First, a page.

Address correction and analysis are important functions for businesses that need to maintain address lists for direct mail campaigns, customer outreach, deliveries, and other purposes. Inaccurate or incomplete address information can unfortunately result in lost contacts, higher mailing costs, and missed service calls, so it is critical to correct address information when necessary and reduce the costs associated with bad data.
Although most address correction software requires exporting data to a custom application, or sending address files to vendors and waiting for the results, Microsoft Excel turns out to be an excellent platform for both storage of address information as well as address correction and analysis.
For instance, it is possible to compare address data to postal service databases by using custom function formulas within Excel. Custom functions are functions used in worksheet formulas that follow a special set of instructions – in this case how to access a database to look up a street name or ZIP code. In the following is an example of a custom function formula:
= LOOKUPZIP(“123 Main Street, Springfield, IL”, “ZIP+4”)
The hypothetical custom function LOOKUPZIP looks for the ZIP+4 code associated with the given street address “123 Main Street, Springfield, IL”, and returns its value to the worksheet. Similarly, an address can be checked against a database like this:
= CORRECTADDRESS(“123 Main Street, Springfield, IL”, “FULLADDRESS”)
Where the custom function CORRECTADDRESS returns the best full address match found in the database my ip address, including the ZIP+4 code and standardized address formatting that meets U.S. Postal Service requirements. Following an address correction protocol, misspellings and other errors associated with the original address can also be identified and corrected. Note that in both the formulas shown above, a worksheet cell location (e.g. cell “A1”) can be used in lieu of the given address. This more generalized format allows the formula to be easily copied and applied to a long list of addresses.
Due to the very large size of postal service databases associated with address correction and analysis, it is usually not practical to store them on the user’s PC; they should ideally be stored on a web-accessible server. This does require the user to have access to the internet so the custom functions can access the specified information from the remote database. Also due to the sheer amount of the data involved, data extraction should be done as a bulk data call. Fortunately, Excel is ideally suited for receiving bulk data in the form of arrays. A single formula within an Excel array can do thousands of calculations at once, so using custom functions within arrays significantly speeds up data extraction, especially important when dealing with long lists of addresses.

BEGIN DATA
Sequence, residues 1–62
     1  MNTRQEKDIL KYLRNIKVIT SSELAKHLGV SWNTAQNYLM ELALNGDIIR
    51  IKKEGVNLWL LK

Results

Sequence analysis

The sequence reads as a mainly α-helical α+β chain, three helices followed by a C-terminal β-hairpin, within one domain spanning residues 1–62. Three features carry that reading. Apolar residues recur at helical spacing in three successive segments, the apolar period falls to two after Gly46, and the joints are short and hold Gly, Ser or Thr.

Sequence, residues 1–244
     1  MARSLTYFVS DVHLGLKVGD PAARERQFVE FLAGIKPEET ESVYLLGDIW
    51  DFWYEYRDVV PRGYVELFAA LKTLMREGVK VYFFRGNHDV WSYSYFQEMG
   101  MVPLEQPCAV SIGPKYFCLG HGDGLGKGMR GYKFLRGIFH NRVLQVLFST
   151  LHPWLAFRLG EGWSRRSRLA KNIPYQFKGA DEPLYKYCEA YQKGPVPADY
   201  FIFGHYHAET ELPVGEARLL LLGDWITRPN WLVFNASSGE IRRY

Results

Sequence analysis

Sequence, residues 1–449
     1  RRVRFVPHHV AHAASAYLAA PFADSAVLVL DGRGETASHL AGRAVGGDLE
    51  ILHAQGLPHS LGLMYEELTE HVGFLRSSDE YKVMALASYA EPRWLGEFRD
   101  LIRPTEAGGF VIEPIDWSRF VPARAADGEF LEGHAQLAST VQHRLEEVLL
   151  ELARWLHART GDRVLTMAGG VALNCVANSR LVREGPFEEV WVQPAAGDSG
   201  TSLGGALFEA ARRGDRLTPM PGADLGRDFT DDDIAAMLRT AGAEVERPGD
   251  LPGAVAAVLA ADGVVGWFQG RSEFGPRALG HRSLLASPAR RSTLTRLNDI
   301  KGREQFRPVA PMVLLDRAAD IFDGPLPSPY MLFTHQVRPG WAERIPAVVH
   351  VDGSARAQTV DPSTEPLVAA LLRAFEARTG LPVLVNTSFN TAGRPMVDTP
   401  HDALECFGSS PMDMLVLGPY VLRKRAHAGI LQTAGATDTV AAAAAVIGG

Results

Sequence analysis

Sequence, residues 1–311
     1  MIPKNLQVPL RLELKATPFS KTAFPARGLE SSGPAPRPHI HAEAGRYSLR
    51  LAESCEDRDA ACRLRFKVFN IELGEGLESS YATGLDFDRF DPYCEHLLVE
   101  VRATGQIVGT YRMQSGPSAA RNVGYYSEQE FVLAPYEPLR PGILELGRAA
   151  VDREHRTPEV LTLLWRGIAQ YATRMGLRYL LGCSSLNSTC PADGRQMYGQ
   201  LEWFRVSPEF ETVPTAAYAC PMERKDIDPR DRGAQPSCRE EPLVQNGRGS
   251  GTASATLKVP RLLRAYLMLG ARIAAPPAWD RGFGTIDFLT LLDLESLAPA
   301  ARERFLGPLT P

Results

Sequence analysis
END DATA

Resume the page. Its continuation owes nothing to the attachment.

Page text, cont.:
Excel custom functions have the added bonus of providing a dynamic source of address data and correction. If a change is made in the original address list, the custom function will automatically update the information provided from the database without having to input the formula again. In conventional address correction software, the user needs to import the list into the software and make a new data request, every time the original address list is modified.
Custom functions linked to a remote database can also go beyond address correction to obtain other address-related information, ranging from latitude and longitude coordinates to demographic data. Excel, with its built-in spreadsheet and charting functions, can easily handle the storage and analysis of this type of data.
Microsoft Excel offers a familiar software environment that has proven to be a powerful tool for correction and analysis of address lists. Features like Excel custom function formulas that can access large postal databases, arrays that provide efficient handling of large amounts of data, and dynamic data updating all help make Excel an excellent alternative to conventional address correction software.